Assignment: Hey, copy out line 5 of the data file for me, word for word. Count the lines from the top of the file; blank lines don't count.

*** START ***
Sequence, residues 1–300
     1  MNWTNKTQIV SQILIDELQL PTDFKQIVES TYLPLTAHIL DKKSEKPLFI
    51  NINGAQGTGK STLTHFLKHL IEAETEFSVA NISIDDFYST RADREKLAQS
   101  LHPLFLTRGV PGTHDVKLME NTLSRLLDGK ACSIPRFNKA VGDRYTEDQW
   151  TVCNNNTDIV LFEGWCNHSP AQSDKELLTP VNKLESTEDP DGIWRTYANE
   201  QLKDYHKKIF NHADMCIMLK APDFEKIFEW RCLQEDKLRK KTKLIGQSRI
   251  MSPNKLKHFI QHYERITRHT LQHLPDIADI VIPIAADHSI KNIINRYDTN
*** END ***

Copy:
   151  TVCNNNTDIV LFEGWCNHSP AQSDKELLTP VNKLESTEDP DGIWRTYANE